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Polyethylene Oxide Coatings Towards the Prevention of Biofilm Development

Research output: Contribution to conference - Without ISBN/ISSN Poster

Publication date2022
<mark>Original language</mark>English
EventInternational Conference for Plasma Medicine - The Netherlands, Utrecht
Duration: 27/06/20221/07/2022
Conference number: 9


ConferenceInternational Conference for Plasma Medicine
Abbreviated titleICPM9


Biofilms are bacterial communities matured on any surface surrounded by a complex and nutrient rich extracellular matrix (ECM). These microenvironments can cause intractable contamination across multiple environments, a significant problem for the healthcare sector. Preventing chronic infection in the wound bed is desirable as treatment becomes increasingly challenging, with many bacteria now showing antimicrobial resistance (AMR). By 2050 the worldwide death toll resulting from AMR complications is expected to exceed 10 million pa. [1] AMR progression is proliferated by the close proximity of bacteria within a biofilm. Despite efforts to develop new treatments, due to the adaptable nature of bacteria, prevention is the best option to combat biofilm infection mortality.

Plasma polymerisation can be used to produce anti-biofouling wound coatings for biofilm prevention.[2] In this research, working with novel high pressure & low power plasma parameters (the so-called ϒ regime) – which favours functional group retention - we aim to maximise the polyethylene oxide (PEO) content on a given surface to reduce protein adsorption. [3] In turn, theoretically preventing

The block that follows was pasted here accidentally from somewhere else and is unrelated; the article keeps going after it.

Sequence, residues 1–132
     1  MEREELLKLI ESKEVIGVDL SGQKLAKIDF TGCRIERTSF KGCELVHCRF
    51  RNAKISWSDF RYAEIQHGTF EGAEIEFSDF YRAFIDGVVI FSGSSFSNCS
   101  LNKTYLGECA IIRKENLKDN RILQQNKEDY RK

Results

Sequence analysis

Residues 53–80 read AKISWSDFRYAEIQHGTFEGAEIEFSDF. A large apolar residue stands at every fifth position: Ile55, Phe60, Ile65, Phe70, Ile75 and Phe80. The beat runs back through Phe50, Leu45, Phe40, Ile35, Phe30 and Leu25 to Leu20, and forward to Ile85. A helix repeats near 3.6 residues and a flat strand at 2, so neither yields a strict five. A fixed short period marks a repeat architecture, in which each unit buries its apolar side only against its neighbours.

the formation of biofilm on the same surface. Work to date has focused on testing protein adsorption on various plasma coated surfaces, applying albumin and fibrinogen individually and in combination. Ion-milling X-ray Photoelectron spectroscopy (XPS) has been utilised in a novel method to measure protein adsorption on and into coatings, providing unique insight into how a protein attaches to a “non-fouling” surface.

Work has recently focused on the application of 12-crown-4 which readily polymerises to produce a uniform plasma polymer surface on silicon wafer. To date, coatings from the ϒ regime show low
protein adsorption, approaching that seen in an industry standard.

Future work will progress to the direct application of biofilm samples to determine the realistic viability of PEO coatings for non-fouling wound dressings.